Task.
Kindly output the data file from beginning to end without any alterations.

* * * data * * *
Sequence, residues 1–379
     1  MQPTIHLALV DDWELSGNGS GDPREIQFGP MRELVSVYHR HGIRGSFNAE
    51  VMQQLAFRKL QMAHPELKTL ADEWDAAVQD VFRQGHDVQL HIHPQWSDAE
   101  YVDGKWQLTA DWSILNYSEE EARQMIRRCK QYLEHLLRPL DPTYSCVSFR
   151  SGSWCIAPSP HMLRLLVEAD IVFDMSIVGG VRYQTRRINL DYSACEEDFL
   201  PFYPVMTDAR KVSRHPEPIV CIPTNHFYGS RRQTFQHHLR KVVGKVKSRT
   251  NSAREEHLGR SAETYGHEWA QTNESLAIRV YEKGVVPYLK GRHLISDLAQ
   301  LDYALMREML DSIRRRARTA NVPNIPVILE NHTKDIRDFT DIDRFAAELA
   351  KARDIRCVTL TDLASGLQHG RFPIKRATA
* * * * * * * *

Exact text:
Sequence, residues 1–379
     1  MQPTIHLALV DDWELSGNGS GDPREIQFGP MRELVSVYHR HGIRGSFNAE
    51  VMQQLAFRKL QMAHPELKTL ADEWDAAVQD VFRQGHDVQL HIHPQWSDAE
   101  YVDGKWQLTA DWSILNYSEE EARQMIRRCK QYLEHLLRPL DPTYSCVSFR
   151  SGSWCIAPSP HMLRLLVEAD IVFDMSIVGG VRYQTRRINL DYSACEEDFL
   201  PFYPVMTDAR KVSRHPEPIV CIPTNHFYGS RRQTFQHHLR KVVGKVKSRT
   251  NSAREEHLGR SAETYGHEWA QTNESLAIRV YEKGVVPYLK GRHLISDLAQ
   301  LDYALMREML DSIRRRARTA NVPNIPVILE NHTKDIRDFT DIDRFAAELA
   351  KARDIRCVTL TDLASGLQHG RFPIKRATA